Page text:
Details emerge of crowdfunded legal challenge to IR35 reform
by Alan Little
A contracting IT professional who is co-coordinating a crowdfunded legal challenge to controversial new IR35 reforms has warned that HMRC may face court action for preventing limited company contractors from fulfilling their business directorship responsibilities due to the legislative changes.
IT contractor Mike Gibson, speaking to Computer Weekly journalist Caroline Donnelly, cited this as one example of the kind of legal challenge that the Revenue may face over its enforcement of the rebooted IR35 rules.
Mr Gibson and several others are in the midst of crowdfunding a prospective IR35-related legal challenge against HMRC. The group has already exceeded its early 30-day fundraising target of £10,500 to finance the challenge. This money will help pay for a barrister who will determine the optimal grounds for successful court action against the Revenue.
The example provided by Mr Gibson would apply where the public sector engagements of independent contracting professionals have been wrongly classified as within IR35. In such a scenario, HMRC could be accused of barring limited company contractors from performing their directorship obligations as laid out in their companies’ Articles of Association.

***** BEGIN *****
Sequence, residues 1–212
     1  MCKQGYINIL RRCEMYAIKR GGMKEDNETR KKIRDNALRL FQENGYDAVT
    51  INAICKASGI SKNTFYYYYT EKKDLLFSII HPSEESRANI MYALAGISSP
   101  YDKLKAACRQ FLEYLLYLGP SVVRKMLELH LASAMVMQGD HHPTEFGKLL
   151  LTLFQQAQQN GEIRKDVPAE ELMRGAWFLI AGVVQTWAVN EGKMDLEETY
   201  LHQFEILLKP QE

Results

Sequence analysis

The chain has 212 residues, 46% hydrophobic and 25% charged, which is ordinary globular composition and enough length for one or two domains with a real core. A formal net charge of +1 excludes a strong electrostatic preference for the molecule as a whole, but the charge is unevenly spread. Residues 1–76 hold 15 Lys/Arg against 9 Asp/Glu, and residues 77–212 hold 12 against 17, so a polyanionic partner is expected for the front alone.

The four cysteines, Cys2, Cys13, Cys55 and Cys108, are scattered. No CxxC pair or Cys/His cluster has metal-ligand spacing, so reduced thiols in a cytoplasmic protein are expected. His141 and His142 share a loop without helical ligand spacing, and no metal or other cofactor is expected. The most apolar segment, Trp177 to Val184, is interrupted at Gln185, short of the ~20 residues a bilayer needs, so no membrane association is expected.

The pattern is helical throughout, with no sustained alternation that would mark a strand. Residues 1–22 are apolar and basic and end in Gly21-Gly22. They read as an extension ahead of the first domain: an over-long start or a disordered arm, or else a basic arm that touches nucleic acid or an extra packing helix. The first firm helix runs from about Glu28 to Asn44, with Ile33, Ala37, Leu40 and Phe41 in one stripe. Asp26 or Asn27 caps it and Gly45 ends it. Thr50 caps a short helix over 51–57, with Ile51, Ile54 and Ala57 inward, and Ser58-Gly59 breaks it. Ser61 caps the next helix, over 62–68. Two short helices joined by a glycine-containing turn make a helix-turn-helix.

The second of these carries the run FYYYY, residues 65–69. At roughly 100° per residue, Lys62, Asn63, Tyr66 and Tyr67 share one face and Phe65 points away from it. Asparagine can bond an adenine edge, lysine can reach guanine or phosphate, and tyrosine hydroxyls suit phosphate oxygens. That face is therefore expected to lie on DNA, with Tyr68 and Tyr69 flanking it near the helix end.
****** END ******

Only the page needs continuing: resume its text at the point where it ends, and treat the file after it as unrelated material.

Mr Gibson explained: “The Articles of Association describe how I’ll run the business and describe what it will do, and IR35 frustrates me from doing that because it tells me I’m not allowed to be a company director; I’ve got to be an employee.
“The question is, are [HMRC] frustrating my ability to be a director of a company that is legally constituted under English law through their implementation of IR35?”
This, however, is but one of several directions that the IR35-related legal action could take. Another option could be a challenge to the Revenue’s online Employment Status Service (ESS) tool, which HMRC urges public sector bodies (PSBs) to use for determining the tax status of their contractors. This tool has been shown to be highly unreliable: recent research by ContractorCalculator found that when 21 historic IR35 court cases were fed through the ESS, it yielded incorrect verdicts more than a third of the time. Mr Gibson noted that the tool has been widely discredited as “unfit for purpose.”
He regretted that contracting professionals engaged by PSBs felt forced to go to court to redress the “iniquity” of IR35 due to HMRC’s intransigence. He called on the Revenue to “drop the drawbridge and chat this through” to find a solution that was fair and equitable, as the current arrangement certainly isn’t.
The IR35 reforms, he said, are out of kilter with an increasingly flexible, gig-like economy.
HMRC responded by insisting that “two people doing the same job should pay the same taxes.”
The drawbridge appears to be firmly up at this stage.